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J Anim Sci. 2002 Apr;80(4):900-10.

Effect of an accelerated finishing program on performance, carcass characteristics, and circulating insulin-like growth factor I concentration of early-weaned bulls and steers.

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Department of Animal Sciences, The Ohio State University, Wooster 44691, USA.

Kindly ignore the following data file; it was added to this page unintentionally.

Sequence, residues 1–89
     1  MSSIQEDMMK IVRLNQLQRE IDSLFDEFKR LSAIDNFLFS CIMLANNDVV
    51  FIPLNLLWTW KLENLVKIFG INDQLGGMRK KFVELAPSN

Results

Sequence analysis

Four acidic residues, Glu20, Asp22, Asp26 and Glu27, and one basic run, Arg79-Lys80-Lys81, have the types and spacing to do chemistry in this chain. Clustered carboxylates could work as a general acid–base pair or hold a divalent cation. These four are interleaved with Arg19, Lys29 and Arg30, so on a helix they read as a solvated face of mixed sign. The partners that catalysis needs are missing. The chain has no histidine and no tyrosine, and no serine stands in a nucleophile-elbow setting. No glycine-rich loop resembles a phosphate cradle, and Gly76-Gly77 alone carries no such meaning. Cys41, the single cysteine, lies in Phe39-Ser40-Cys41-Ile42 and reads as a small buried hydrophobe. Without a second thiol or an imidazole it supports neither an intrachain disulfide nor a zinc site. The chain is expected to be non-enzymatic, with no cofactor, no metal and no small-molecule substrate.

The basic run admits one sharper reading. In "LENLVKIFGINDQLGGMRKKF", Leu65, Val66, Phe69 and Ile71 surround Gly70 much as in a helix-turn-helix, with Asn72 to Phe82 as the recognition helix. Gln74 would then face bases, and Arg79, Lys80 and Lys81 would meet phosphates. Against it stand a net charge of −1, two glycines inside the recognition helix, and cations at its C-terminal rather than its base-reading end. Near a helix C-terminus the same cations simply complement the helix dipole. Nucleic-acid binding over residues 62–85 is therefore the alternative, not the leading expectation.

Sixty-three Angus x Simmental calves were allotted to a bull or a steer group based on sire, birth date, and birth weight to determine effects of castration status on performance, carcass characteristics, and circulating insulin-like growth factor I (IGF-I) concentrations in early-weaned cattle. At 75 d of age, calves in the steer group were castrated. Calves were not creep-fed prior to weaning. All calves were weaned and weighed at an average age of 115 d and transported by truck to the OARDC feedlot in Wooster, OH. Performance and carcass characteristics were measured in three phases. Phase 1 was from 115 to 200 d of age, phase 2 was from 201 to 277 d of age, and phase 3 was from 278 d of age to slaughter. Before implantation, four bulls and four steers were selected for serial slaughter and carcass evaluation. Steers were implanted with Synovex-C at 130 d of age and with Revalor-S at 200 and 277 d of age. Serum samples were collected from all calves on the day of implantation, 28 and 42 d after implantation, and at slaughter and analyzed for circulating IGF-I concentration. Bulls gained 9.7% faster (1.75 vs 1.60 kg/d; P < 0.01), consumed 25 kg more DM (521 vs 496 kg; P = 0.11), and were 3.3% more efficient (282 vs 273 g/kg, P < 0.10) than steers in phase 1. However, steers gained 10.5% faster (1.62 vs 1.46 kg/d; P < 0.02), consumed similar amounts of DM, and were 6.5% more efficient than bulls (214 vs 201 g/kg; P < 0.06) in phase 2. Overall gains and efficiency were similar between bulls and steers; however, bulls consumed 140 kg more DM (P < 0.05), were 27 kg heavier (P < 0.05), and had to stay in the feedlot 18 more days (P < 0.05) than steers to achieve a similar amount of fat thickness. Implanted steers had greater concentrations of circulating IGF-I than bulls (P < 0.01), and the pattern of IGF-I concentration over time was affected by castration status (castration status x time interaction; P < 0.01). Synovex-C had a lower impact on circulating IGF-I concentration (implant effect, P < 0.01) than either Revalor-S implant. Eighty-five percent of both bulls and steers had marbling scores sufficient to grade low Choice or better. Bulls achieved their target fat thickness later, increased muscle growth, and deposited fat more favorably than steers, possibly due to a gradual increase in IGF-I concentration as the testicles grew rather than the large fluctuations in IGF-I concentration observed in steers following implantation.

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